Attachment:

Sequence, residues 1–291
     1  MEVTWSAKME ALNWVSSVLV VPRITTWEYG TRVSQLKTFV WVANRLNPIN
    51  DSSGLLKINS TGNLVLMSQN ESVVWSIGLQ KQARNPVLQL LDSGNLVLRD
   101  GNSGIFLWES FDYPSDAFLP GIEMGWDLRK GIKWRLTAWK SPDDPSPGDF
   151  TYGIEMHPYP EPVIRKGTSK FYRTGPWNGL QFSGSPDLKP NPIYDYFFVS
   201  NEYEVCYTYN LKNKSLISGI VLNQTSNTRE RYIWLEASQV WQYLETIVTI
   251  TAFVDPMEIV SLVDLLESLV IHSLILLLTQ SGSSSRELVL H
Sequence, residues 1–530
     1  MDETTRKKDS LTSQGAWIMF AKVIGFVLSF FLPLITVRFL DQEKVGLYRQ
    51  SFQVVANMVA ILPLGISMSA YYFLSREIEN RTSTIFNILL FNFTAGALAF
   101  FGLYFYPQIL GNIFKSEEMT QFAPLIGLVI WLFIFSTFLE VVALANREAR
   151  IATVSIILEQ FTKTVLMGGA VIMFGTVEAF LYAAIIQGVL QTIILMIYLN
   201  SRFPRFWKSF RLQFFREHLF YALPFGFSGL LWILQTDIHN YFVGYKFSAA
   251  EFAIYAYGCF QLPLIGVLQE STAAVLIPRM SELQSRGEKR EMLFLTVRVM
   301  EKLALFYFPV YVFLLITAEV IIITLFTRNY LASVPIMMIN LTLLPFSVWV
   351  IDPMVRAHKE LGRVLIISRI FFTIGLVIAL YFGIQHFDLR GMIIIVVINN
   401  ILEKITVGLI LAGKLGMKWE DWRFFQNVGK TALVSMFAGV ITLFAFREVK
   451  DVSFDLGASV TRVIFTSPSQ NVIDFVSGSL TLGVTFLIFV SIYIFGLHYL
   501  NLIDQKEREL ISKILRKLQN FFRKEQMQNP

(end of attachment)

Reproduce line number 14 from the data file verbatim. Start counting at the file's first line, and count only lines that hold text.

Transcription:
   251  EFAIYAYGCF QLPLIGVLQE STAAVLIPRM SELQSRGEKR EMLFLTVRVM